Chancellor urged to abolish VAT on electric cars

Published 05 March 2020

Dropping VAT from electric cars could provide a sales boost of nearly one million over the next five years, according to forecasts released this morning by the Society of Motor Manufacturers and Traders (SMMT).

The plea comes as data reveals that registrations of new electric cars surged by more than 240 per cent last month, compared to the same period in 2019.

>> Government set to ban petrol, diesel and hybrid cars by 2035

Despite this growth, battery-electric vehicles still remain a niche product, with 2508 registered in February, compared to more than 48,000 petrol cars and nearly 17,500 diesels.

The SMMT is calling on the Chancellor to announce 'bold new measures' in next week's budget (11 March) in a bid to make zero-emission capable cars (including plug-in hybrids) more affordable for mass market buyers.


It says that, by allowing buyers to purchase electric cars VAT-free, the purchase price of an average family electric car will drop by more than £5000.

Currently, the Government provides a £3500 grant towards electric cars - something which the SMMT deems 'critical' to the success of EVs. To be eligible for the grant, the car needs to be capable of travelling at least 70 miles without any tailpipe emissions and have CO2 emissions below 50g/km - meaning it doesn't currently apply to any plug-in hybrid vehicles.

The SMMT is calling for this grant to be extended to plug-in hybrids, as well as free road tax and an exemption from insurance premium tax, lowering insurance costs for drivers of electric and hybrid vehicles.

“To drive the transition to zero emission motoring, we need carrots, not sticks," said the SMMT's chief executive, Mike Hawes.


"Talk of bans and penalties only means people hang on to their older, more polluting vehicles for longer. It’s time for a change of approach, which means encouraging the consumer to invest in the cleanest new car that best suits their needs. If that is to be electric, government must take bold action to make these vehicles more affordable and as convenient to recharge as their petrol and diesel equivalents are to refuel.”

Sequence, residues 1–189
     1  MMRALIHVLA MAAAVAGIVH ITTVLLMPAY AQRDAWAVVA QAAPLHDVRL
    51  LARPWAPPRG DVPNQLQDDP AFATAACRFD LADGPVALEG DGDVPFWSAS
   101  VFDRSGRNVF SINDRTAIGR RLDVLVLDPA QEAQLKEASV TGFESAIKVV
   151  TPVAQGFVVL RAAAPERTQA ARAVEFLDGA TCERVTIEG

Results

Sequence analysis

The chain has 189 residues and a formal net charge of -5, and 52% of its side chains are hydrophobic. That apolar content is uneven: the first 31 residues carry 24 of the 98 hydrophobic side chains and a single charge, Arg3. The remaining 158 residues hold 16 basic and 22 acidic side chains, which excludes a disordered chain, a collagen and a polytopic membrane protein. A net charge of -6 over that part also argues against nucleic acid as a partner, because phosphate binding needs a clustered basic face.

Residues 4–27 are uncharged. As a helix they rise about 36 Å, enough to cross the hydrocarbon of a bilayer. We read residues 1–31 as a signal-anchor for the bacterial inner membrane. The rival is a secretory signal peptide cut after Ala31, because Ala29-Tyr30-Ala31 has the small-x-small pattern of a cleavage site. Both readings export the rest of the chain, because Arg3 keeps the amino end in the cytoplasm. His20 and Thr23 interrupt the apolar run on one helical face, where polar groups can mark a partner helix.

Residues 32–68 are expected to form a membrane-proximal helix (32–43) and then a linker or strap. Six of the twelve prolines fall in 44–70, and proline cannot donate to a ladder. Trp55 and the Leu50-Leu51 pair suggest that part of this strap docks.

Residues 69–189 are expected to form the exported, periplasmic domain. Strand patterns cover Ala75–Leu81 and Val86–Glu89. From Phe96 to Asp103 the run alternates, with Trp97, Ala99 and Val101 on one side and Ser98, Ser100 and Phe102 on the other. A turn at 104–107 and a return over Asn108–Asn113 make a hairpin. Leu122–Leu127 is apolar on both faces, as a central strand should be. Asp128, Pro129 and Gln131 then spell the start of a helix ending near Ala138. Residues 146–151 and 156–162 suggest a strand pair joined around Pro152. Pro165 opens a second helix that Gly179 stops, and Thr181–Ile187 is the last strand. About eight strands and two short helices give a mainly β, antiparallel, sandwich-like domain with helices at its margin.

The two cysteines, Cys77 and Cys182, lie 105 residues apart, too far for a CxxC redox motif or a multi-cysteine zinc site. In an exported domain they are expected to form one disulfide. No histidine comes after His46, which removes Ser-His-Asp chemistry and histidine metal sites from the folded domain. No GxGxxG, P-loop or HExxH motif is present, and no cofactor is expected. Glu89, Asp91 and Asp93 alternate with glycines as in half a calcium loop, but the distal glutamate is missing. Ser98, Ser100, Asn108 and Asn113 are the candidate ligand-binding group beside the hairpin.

The organisation's calculations suggest that the removal of VAT alone could increase sales of battery-electric vehicles by nearly one million between now and 2024, cutting 1.2 million tonnes of CO2 during that period.

It also says that substantial investment in charging infrastructure is required to provide a smooth transition from petrol and diesel cars to electric vehicles in a bid to meet targets to ban the sale of petrol and diesel cars by 2035.


glidermania    on 5 March 2020

Yeah, drop the VAT and the manufacturer's will not price their EVs higher. Go figure.

BrendanP    on 5 March 2020

A much better idea would be for the car manufacturers to simply drop the prices of their cars

conman    on 6 March 2020

There is no such thing as zero emmisions. It has been worked out that even an electric car produces around 65 mgs of C02 to produce the electricity needed to power the car, which makes my 99 mgs of Co2 my diesel produces pretty £20,000 cheaper. Can travel up to 570 miles on one refill and has a spare wheel.
Also you thought the fuel to mpg was underrated wait till the reports of how many actual miles you will get out of an electric car, even when going uphill uses more power and reduces range. There are quite a few YouTube videos of Americans living with electric cars(Tesla) One journey took the person an extra 3 hours on top of his estimated original time because of recharging. Electric cars make sense for city driving and shopping not much more. YET!.

gavsmit    on 6 March 2020

I'd like the car manufacturers to explain why EVs cost so much more than ICE equivalents - even when they've been hugely increasing the prices of their ICE cars regularly in recent times (e.g. almost £25k for an entry level Golf).

Abolishing VAT on EVs will just swell car manufacturer's profits further as prices will continue to be huge and still regularly increase, under the misleading and incorrect defence that it will somehow save the planet - whilst public services go without that money.

I'm all for stopping the £3500 EV grant too that every tax-payer is paying towards at the moment even if they don't drive - I do, but I still can't afford an EV so no good to me either!

The SMMT should be investigated for corruption too.

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